Report Shows That 42% of Children Have Not Had a Dental Checkup in the Last Year

NHS Digital (the new name for the Health and Social Care Information Centre) recently uncovered some alarming statistics regarding children’s dental health In the UK.

That equates to almost 5,000,000 children not being seen by an NHS dentist in 2015/16. Guidelines state that children should visit the dentist regularly, at least every year.

The NHS Digital report showed that:

  • 917,346 tooth extractions were performed on children..
  • Extractions were most common in South Tyneside  with one for every six children and adults.
  • The Blackpool and Medway region was next with one’s extraction for every seven people.
  • The lowest in the country was Richmond-upon-Thames with one extraction on the NHS in every 39 people.

Professor Nigel Hunt, dean of the faculty of dental surgery at the Royal College of Surgeons, said of the new data:

“There is nothing to smile about in these woeful statistics.

“With the average five-year-old now eating their own weight in sugar each year, it is alarming that 42.1% of children failed to visit an NHS dentist at all in the last year.

“It is appalling that in the 21st century, tooth decay remains the most common reason why children aged five to nine are admitted to hospital. In some cases, these children undergo multiple tooth extractions under general anaesthetic – despite the fact that tooth decay is almost entirely preventable.

“We are failing to address this issue of improving children’s access to an NHS dentist and we urge ministers to act.”

Looking at things a little more locally, the NHS Oral Health Strategy 2012 – 2015 (Devon and Torbay) states:

Oral health is an integral part of general health and wellbeing. Good oral health enables individuals to communicate effectively, to eat and enjoy a variety of foods, and is important in overall quality of life, self-esteem and social confidence

We all know that children learn their behaviours from adults, so it’s vitally important to ensure you look after your own teeth and oral health, for yourself and your children.

The effects of poor dental hygiene on your body.

Oral health affects your whole body

As can be seen from the image here there is a significant link  between your oral health and your overall body health.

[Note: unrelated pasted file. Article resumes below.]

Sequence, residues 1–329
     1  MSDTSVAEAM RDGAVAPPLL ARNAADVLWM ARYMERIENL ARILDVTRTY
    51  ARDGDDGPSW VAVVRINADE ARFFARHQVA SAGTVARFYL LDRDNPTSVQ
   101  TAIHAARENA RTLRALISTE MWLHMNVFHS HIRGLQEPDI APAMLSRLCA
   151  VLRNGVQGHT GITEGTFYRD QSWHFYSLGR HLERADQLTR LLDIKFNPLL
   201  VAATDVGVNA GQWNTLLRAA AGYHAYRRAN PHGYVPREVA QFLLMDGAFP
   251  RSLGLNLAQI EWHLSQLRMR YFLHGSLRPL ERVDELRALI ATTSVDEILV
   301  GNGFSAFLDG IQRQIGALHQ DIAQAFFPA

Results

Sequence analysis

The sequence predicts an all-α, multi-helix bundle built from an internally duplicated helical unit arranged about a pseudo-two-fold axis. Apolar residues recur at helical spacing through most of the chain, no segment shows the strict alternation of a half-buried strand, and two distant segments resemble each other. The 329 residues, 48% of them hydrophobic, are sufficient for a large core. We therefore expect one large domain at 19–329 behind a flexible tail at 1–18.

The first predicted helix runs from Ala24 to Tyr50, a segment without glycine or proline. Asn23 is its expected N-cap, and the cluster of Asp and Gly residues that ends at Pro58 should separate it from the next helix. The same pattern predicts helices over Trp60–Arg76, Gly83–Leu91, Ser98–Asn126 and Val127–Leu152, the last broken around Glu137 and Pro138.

Diabetes. 95% of adults in America with diabetes also have periodontal disease and a third have advanced periodontal disease that has led to tooth loss.

Erectile dysfunction. Periodontal bacteria can travel through the bloodstream, inflaming blood vessels and blocking blood flow. Men with periodontal disease are seven times more likely to experience erectile dysfunction than men with good dental hygiene!

Heart disease. A study in the Netherlands of more than 60,000 patients showed that people with periodontal disease are twice as likely to develop heart disease. The researchers in the study found that 4% of patients with peritonitis had  atherosclerotic cardiovascular disease, compared to 2% without periodontitis. Even after taking other risk factors for cardiovascular disease into account such as diabetes, smoking and high blood pressure those with periodontal disease was still 59% more likely to have a history  of heart problems.

How to brush your children’s teeth and stay dentally fit

How to brush children's teeth

  1. Divide the mouth into six sections (Upper left back teeth, upper front teeth, upper right back teeth, lower left back teeth, lower front teeth, lower right back teeth) and take 20 seconds to brush each.
  2. Within each section brush the inner,  outer and biting surfaces of each tooth.
  3. Use a fluoride toothpaste.
  4. Supervise brushing up until the age of seven  years old.
  5. Brush twice a day.

If you follow this guide you will stand a much lower chance of developing tooth decay and cavities which can lead onto periodontal disease if left untreated.